Posted on April 1, 2022 at 4:37 PM
Cybersecurity research studies have recently turned towards orbiting satellites and their impact on the state of security. Satellites are devices created with a focus on durability and reliability.
However, as engineers focus on these prime features, they fail to pay attention to providing ultra-security to these devices. Security researcher Karl Koscher questioned the life cycle of a satellite, asking what happens after an old one has been commissioned and is now moving into “graveyard orbit.”
Broadcasting using a decommissioned satellite
Koscher conducted a study in 2021 after he received authorization alongside his colleagues to access and broadcast using a Canadian satellite dubbed Anik F1R. This satellite was launched in 2005 to aid Canadian broadcasters. The satellite was designed to be used for only 15 years.
This satellite has abroad coverage because it extended below the southern border of the US to Hawaii and reached the eastern parts of Russia. The satellite is currently on the way to moving into its graveyard orbit. Most of the services that use this satellite have moved to a new satellite.
Communications between the researchers and Anik F1R were possible through special access to an uplink license and transponder slot lease. Koscher managed to take over the communications of this satellite, and he was able to broadcast information to the Northern Hemisphere.
In an interview with WIRED, Koscher noted that his “favourite thing” was to actually see that the satellite was still working. “It’s kind of unreal to go from making a video stream to having it broadcast across all of North America,” Koscher added.
Koscher and his colleagues also used the satellite to broadcast a livestream from a security conference in ToorCon, San Diego. Last week, he explained that the team was able to communicate with the satellite using an unidentified commercial uplink facility. This station comes with a specially-powered dish to support communication between satellites. Koscher converted this facility to a command centre, from which they could broadcast from the satellite.
Security threat posed by decommissioned satellites
The researchers had the authorization to access the satellite and the uplink facility. However, the fact that this satellite could still be used has raised questions over the use of decommissioned satellites that are yet to move further away into grave orbit.
“Technically, there are no controls on this satellite or most satellites – if you can generate a strong enough signal to make it there, the satellite will send it back down to earth. People would need a big dish and a powerful amplifier and knowledge of what they were doing. And if a satellite were fully utilized, they would need to overpower whoever else was using that particular transponder spot or frequency,” Koscher added.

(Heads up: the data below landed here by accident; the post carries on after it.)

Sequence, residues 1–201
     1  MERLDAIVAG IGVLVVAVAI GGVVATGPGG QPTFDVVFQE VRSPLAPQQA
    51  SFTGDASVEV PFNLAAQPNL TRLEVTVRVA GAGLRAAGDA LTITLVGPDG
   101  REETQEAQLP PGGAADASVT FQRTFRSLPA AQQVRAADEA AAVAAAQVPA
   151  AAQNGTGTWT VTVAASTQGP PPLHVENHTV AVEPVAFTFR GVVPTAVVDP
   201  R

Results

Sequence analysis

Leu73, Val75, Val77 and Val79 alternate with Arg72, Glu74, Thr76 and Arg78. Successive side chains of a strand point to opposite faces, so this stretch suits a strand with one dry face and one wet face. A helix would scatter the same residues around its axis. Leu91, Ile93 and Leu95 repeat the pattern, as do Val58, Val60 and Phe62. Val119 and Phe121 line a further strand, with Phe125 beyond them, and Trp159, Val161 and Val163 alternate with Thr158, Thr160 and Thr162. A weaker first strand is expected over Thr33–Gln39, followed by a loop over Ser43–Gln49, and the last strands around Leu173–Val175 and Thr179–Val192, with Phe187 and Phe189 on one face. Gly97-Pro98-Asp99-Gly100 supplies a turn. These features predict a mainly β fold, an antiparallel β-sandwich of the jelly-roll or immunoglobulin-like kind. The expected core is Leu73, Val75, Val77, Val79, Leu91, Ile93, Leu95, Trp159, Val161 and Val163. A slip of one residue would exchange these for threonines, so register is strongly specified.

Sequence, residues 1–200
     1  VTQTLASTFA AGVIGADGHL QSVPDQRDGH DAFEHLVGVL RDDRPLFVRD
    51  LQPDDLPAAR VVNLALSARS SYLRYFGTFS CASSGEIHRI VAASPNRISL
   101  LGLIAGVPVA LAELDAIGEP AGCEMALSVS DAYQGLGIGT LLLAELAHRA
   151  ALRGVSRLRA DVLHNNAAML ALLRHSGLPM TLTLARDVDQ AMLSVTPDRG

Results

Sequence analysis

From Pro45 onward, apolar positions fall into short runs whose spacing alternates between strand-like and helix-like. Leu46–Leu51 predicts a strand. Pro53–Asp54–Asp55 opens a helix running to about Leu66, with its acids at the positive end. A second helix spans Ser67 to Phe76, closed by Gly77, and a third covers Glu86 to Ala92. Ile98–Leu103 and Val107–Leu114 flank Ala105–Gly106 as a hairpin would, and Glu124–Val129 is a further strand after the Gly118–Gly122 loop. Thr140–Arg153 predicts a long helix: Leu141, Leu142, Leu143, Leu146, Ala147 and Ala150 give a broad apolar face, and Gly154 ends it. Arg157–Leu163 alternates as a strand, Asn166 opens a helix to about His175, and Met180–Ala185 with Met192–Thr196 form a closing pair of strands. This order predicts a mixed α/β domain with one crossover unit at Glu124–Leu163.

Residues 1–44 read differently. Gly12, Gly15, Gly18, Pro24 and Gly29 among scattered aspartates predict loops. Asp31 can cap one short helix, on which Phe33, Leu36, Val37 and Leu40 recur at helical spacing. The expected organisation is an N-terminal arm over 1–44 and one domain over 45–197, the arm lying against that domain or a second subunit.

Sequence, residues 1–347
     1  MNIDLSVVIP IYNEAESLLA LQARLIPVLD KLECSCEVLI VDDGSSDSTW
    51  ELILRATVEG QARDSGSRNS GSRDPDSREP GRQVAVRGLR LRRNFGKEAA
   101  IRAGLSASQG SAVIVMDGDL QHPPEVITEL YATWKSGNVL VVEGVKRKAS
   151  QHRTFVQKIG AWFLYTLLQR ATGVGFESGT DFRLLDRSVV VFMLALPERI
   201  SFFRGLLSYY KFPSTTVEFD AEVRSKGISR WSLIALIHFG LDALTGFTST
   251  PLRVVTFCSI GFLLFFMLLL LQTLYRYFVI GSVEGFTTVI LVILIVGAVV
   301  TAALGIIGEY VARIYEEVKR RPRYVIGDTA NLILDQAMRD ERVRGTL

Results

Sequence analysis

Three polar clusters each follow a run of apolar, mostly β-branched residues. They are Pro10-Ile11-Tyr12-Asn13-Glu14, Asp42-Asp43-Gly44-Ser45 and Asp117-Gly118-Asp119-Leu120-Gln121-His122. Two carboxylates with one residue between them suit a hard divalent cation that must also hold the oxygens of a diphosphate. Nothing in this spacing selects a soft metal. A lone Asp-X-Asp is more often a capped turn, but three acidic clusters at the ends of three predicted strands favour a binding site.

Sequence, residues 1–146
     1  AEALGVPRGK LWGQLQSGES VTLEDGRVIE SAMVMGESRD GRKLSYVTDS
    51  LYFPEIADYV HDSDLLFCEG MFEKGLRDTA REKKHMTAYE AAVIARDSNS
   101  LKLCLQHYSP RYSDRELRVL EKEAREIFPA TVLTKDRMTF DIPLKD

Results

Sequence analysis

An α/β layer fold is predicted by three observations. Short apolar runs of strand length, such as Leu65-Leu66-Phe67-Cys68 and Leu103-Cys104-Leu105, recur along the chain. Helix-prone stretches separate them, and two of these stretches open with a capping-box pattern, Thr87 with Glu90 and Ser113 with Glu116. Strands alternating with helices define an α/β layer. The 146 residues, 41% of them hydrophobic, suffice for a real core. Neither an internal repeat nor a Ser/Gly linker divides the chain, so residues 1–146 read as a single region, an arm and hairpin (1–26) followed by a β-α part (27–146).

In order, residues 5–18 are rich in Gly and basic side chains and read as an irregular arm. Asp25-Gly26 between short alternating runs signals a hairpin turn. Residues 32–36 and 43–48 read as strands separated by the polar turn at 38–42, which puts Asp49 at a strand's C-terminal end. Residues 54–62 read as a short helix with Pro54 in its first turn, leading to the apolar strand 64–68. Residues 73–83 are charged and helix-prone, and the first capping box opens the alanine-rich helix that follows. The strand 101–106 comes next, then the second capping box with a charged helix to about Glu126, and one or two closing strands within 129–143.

The one with the highest level of communication with the satellite has its message broadcast the most. However, it is nearly impossible for an individual to overpower large broadcasting companies. Nevertheless, this has happened before.
In 1986, a hacker known as Captain Midnight hacked into an HBO broadcast of The Falcon and the Snowman after obtaining unauthorized access to the Galaxy 1 satellite signal. The worrying trend of hackers hijacking satellites has only intensified in recent years. Hackers are currently using underutilized satellites for personal gains.
In 2009, 39 people were arrested in Brazil after they were suspected of hijacking US Navy satellites through high-powered antennas. They also used ad hoc gear for their citizens band (CB) short-distance radio communications.
Besides satellites being hijacked by independent hackers, they can also be hijacked by countries. Koscher notes that countries that want to broadcast propaganda can do so through these satellites, and they do not have to bear the burden of launching their own satellites. All that they need to do is possess ground equipment that allows them to access the satellites.
In 2020, Ang Cui, an embedded device security researcher, said decommissioned satellites were not the only ones in danger of being hijacked. Cui noted that even new satellites could be compromised. However, he noted that hackers mainly turned toward the satellites in their final stages of life.
One of the colleagues of Koscher noted that there was a need to create awareness of satellite uplink capabilities. The researcher opined that these capabilities should be noted down as many and should not be highlighted as exclusive or scarce. “What is this was just a universal utility,” the researcher said.